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Catholic Voice
May 20, 2013   •   VOL. 51, NO. 10   •   Oakland, CA
Other front page stories
Michael C. Barber, SJ,
becomes fifth bishop of Oakland

Schedule for the ordination,

Voice marks 50 years
of spreading the Good News

Archbishop Brunett reflects
on his time in Oakland
New Oakland bishop to be ordained May 25

Rev. Michael C. Barber, SJ

The Rev. Michael C. Barber, SJ, who will become Oakland's fifth bishop on May 25, has served as far away as Micronesia, Toronto and England, and as close to home as Menlo Park, where he helped train men who are serving as priests in the diocese.

He will be the first bishop of Oakland to have been baptized by a former bishop of Oakland. As an infant, Michael Charles Barber was baptized at Mission Dolores by then-Rev. John S. Cummins.

Bishop-elect Barber, a 58-year old Jesuit, will be the first of his order to serve as bishop of Oakland. Drawn to the Jesuits in part because it was a teaching order, he has spent much of the last decade as a spiritual director and instructor in seminaries, including St. Patrick's Seminary in Menlo Park, and St. John's Seminary in Boston.

Described as humble by his fellow priests, he went so far as to ask the apostolic nuncio, who told him of his appointment, if the nuncio had the right Rev. Michael Barber, SJ. There are three of them.

He was assured that he was the Rev. Michael Barber, SJ, Pope Francis had in mind.

The bishop-elect met the media and chancery staff on May 3 in Oakland. He was introduced by the Most Rev. Alex J. Brunett, the retired archbishop of Seattle who has served as apostolic administrator since Oct. 4, when the previous bishop, the Most Rev. Salvatore Cordileone, was seated as archbishop of San Francisco.

More about
Bishop-elect Barber:

Bishop-elect Barber
from those who know him

New bishop reflects
on his journey to Oakland
"I'd like to express my gratitude to the Holy Father, Pope Francis, for his trust and confidence in appointing me bishop of Oakland," Bishop-elect Barber said. "I am humbled that I am the first Jesuit priest to be appointed a bishop by our new Jesuit pope."

He said he had accepted the mission in accordance with the fourth vow of obedience to the pope he had taken.

"That being said, I am absolutely delighted to come to Oakland as your new bishop," he said.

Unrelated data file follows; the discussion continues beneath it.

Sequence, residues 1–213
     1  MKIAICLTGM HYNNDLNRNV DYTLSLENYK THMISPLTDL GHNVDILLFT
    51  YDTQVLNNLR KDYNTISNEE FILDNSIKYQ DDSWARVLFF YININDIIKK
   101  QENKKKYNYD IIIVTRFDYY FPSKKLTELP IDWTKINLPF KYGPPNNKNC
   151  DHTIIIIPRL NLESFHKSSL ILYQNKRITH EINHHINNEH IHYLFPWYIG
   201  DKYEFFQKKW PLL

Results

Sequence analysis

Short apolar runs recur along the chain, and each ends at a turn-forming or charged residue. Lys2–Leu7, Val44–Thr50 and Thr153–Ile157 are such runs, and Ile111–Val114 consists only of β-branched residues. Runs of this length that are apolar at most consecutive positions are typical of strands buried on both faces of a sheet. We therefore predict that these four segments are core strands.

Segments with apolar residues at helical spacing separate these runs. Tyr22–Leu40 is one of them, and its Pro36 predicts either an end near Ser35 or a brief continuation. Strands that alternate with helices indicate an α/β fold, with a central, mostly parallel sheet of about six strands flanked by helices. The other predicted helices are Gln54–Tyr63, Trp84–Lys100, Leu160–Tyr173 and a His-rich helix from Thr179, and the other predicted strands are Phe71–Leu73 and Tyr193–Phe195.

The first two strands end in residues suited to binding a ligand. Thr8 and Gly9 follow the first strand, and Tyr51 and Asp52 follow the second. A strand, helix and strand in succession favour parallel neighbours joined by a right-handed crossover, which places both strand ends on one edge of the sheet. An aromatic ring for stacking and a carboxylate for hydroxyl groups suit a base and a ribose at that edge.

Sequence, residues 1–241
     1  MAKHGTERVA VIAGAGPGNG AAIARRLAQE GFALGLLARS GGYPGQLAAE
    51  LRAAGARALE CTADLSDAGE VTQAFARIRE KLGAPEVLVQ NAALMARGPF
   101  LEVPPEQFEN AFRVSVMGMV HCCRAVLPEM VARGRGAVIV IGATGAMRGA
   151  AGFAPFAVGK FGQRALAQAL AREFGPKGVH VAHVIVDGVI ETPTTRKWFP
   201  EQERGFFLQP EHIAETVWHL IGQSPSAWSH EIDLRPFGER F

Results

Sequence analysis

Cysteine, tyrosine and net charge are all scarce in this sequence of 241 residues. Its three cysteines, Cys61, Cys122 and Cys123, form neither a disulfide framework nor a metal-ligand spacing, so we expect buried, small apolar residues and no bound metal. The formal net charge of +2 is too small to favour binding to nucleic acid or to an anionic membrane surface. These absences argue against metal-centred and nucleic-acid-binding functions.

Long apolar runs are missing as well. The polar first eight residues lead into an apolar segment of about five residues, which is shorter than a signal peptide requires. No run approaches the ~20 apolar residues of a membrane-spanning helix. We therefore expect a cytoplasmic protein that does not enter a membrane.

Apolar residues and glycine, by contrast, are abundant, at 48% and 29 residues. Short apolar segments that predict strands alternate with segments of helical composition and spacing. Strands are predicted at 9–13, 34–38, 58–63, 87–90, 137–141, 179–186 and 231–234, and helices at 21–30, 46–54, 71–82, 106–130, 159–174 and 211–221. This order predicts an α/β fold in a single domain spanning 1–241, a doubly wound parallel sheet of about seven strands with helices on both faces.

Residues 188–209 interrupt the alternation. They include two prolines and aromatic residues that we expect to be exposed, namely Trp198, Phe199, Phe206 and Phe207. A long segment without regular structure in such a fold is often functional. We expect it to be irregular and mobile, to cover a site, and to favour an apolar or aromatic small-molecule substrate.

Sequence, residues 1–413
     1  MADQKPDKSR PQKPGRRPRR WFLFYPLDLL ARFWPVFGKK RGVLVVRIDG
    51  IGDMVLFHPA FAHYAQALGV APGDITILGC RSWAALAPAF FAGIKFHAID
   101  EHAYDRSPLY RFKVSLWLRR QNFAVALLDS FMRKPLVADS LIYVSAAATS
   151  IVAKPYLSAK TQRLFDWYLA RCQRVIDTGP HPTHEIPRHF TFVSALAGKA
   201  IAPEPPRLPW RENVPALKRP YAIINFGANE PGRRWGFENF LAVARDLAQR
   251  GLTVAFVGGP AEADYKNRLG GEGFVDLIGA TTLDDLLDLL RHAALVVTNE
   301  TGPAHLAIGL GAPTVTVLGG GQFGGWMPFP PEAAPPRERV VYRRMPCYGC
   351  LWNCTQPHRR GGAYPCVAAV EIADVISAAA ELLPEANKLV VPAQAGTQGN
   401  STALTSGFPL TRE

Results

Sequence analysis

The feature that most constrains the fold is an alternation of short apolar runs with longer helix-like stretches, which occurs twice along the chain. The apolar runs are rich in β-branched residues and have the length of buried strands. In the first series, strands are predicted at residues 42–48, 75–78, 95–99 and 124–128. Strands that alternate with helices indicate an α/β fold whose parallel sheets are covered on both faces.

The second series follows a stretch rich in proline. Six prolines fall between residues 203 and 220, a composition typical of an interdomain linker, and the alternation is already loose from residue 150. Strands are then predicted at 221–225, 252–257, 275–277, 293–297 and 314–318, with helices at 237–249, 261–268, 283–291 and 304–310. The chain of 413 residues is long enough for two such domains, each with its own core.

He thanked Archbishop Brunett for "coming out of retirement to serve us in this time of transition," and Archbishop Cordileone for agreeing to ordain him on May 25.

"I ask for your prayers — I really need your prayers — that I may be a shepherd in accordance with Christ's heart," he said. "In return, I promise you my total commitment, my total dedication and my affection as your servant and bishop."

The bishop-elect has served as director of spiritual formation at St. John Seminary in the Archdiocese of Boston since 2010.

Bishop-elect Barber said, "I have a lot to learn about the church in Oakland. I'll look forward to meeting with the priests and parish communities, seeing what the priorities are." He did say he had a good example to follow.

"I'm keeping my eye on Pope Francis and watching what he did in his first days as pope, reaching out to the poor and marginalized," he said.

When his brother, who is also a Jesuit priest, served as a prison chaplain at San Quentin State Prison, the bishop-elect was often invited to celebrate Mass and visit with prisoners.

"I'd like to go to our county jails, our city jails," he said. "I'd like to participate in our soup kitchens and in Catholic Charities, getting my hands dirty, handing out food, washing dishes, pots and pans, wherever I can symbolically show the church is there to serve the poor and marginalized."

He also said he'd like to get in the schools. "I joined the Jesuit Fathers to be a teaching priest," he said, describing a school day of teaching five sections of sophomore history, followed by coaching water polo and swimming.

"I believe in our Catholic schools," he said, noting that they provide an opportunity to "bring the light of Christ to people in the community."

After the media conference, he met with the chancery staff and made his first public appearance since the announcement at the 12:10 p.m. Mass at the Cathedral. About three dozen priests joined in the unusually long weekday procession.

He gave a brief homily, in which he noted that the feast day they were celebrating was that of St. Philip and St. James. He told the gathering that he had taken the name of St. James the Less as his Confirmation saint, because he was the shortest boy in his class.

The man who will be the fifth bishop of Oakland is the first priest to be appointed. His predecessors — Bishops Floyd L. Begin, John S. Cummins, Allen H. Vigneron and Cordileone — had served as bishops elsewhere.

"I offer my congratulations and prayers to Bishop-elect Barber. As fellow Sacramentans, we have known one another for many years," the Rev. Thomas H. Smolich, SJ, president of the Jesuit Conference of the United States said in a statement. "I know him to be a man of prayer and discernment who will be a fine pastor for the people of Oakland."

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